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Children's Views on Reporting Online Harms

Research by Childnet, released in March, shows that any children 'are not reporting online harms, often due to a lack of confidence that anything will be done about the issues they face.'

Key findings include:

  • Only 10% of children aged 8-17 strongly agree that they know how to report different types of content on the platforms they use

  • Nearly a third of children (32%) say they sometimes do nothing when they are upset or worried about something online, with more than one in 20 (7%) regularly doing nothing in response.

  • Young people are more than twice as likely to block someone online (44%) as report them (21%).

  • Under 50% of all age groups believe that something they reported that could be harmful would be removed.

Read the full report at:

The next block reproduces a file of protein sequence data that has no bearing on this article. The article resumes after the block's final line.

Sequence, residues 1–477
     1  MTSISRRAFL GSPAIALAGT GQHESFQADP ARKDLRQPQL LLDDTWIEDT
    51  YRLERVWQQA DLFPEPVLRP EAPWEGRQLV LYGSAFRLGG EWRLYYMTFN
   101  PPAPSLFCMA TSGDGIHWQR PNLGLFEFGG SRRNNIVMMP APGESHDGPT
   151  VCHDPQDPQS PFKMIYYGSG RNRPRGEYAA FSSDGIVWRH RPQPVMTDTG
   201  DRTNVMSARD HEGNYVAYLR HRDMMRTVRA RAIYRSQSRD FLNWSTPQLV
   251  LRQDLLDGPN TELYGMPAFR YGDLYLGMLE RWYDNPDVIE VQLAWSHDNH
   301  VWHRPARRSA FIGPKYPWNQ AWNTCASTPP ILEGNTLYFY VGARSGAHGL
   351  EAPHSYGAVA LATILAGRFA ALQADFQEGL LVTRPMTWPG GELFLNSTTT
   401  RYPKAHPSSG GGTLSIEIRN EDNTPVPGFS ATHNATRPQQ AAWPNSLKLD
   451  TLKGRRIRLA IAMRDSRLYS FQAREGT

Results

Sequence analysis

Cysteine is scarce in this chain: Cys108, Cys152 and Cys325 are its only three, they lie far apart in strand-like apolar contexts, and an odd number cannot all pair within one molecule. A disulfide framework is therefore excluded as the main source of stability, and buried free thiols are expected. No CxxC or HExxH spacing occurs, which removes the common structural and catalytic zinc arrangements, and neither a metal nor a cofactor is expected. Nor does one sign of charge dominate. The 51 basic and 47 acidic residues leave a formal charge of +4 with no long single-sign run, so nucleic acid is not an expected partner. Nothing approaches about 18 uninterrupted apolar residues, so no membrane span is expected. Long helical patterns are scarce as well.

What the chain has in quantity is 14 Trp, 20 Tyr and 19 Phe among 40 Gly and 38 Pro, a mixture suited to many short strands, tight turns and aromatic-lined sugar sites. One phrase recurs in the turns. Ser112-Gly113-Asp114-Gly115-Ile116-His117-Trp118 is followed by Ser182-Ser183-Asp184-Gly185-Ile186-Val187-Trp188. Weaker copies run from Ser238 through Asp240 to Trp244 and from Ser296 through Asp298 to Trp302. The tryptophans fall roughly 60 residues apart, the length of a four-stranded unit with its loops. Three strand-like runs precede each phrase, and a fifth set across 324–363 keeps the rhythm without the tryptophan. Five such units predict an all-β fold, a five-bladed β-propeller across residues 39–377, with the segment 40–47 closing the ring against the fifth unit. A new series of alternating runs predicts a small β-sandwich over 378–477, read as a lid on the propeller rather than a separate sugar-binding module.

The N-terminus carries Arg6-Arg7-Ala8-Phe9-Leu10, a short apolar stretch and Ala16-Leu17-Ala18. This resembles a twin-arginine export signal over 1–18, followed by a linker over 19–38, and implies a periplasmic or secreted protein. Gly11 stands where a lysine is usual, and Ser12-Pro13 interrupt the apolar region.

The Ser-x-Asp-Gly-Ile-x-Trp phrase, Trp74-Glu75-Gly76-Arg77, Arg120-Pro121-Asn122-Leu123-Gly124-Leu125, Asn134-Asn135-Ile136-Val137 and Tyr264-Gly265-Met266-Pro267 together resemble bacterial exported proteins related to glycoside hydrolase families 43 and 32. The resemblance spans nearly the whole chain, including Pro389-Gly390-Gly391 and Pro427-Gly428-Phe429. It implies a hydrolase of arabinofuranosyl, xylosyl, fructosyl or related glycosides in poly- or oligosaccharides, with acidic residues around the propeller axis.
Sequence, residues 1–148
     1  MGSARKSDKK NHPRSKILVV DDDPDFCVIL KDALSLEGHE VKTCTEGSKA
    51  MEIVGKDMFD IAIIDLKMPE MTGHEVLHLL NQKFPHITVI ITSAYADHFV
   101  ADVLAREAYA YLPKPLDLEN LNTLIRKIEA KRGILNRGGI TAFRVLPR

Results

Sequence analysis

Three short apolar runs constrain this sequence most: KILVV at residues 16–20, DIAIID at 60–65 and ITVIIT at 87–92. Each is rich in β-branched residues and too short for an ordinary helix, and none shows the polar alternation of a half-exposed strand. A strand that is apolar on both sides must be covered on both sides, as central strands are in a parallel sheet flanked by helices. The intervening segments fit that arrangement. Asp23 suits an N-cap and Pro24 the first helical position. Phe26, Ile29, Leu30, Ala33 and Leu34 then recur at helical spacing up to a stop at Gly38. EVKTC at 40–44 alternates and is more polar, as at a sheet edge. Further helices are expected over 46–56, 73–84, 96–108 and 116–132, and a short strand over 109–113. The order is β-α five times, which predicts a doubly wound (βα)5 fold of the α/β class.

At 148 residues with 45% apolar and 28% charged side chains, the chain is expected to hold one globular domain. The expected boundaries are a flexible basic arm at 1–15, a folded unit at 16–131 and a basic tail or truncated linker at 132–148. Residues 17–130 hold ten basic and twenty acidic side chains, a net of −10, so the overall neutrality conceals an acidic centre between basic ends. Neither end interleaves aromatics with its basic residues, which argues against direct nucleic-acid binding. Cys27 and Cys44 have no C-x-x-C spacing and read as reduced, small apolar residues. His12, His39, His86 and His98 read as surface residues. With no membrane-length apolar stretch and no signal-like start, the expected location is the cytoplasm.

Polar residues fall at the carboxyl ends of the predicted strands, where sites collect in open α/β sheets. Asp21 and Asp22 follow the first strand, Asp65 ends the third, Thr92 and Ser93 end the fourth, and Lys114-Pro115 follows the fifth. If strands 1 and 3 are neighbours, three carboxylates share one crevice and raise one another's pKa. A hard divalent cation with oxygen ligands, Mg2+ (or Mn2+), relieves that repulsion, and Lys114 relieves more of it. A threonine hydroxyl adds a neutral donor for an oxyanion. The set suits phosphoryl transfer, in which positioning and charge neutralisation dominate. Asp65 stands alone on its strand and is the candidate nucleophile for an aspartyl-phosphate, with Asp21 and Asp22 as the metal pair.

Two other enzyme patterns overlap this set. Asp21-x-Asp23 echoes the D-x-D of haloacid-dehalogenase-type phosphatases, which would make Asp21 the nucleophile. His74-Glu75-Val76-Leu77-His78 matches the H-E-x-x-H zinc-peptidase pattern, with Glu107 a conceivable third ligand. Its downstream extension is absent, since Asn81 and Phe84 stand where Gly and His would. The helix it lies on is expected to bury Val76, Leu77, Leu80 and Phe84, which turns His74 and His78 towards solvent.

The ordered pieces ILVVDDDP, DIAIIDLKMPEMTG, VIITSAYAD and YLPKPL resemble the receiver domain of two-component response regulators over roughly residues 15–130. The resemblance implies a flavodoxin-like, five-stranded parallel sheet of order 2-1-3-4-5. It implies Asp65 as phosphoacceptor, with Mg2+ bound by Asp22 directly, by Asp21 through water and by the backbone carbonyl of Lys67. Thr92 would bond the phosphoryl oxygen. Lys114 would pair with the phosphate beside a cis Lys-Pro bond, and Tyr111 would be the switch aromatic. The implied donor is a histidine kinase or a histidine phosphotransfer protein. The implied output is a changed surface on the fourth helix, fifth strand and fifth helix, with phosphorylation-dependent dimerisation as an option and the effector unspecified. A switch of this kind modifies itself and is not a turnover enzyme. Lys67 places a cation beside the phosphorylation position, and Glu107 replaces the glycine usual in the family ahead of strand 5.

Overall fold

How to Report Harmful Online Content

Report Harmful Content is an online service provided by UK Safer Internet Centre and operated by SWGfL. It is a national reporting centre designed to allow anyone to report harmful content online. Reports can be made about content falling into these eight categories:

  1. Online Abuse

  2. Bullying or Harassment

  3. Threats

  4. Impersonation

  5. Unwanted Sexual Advances (Not Image Based)

  6. Violent Content

  7. Self-Harm or Suicide Content

  8. Pornographic Content

The website also provides guidance for reporting content on specific platforms, such as Youtube, Facebook, Twitter, TikTok, Roblox etc.

Visit: to make a report or read advice.


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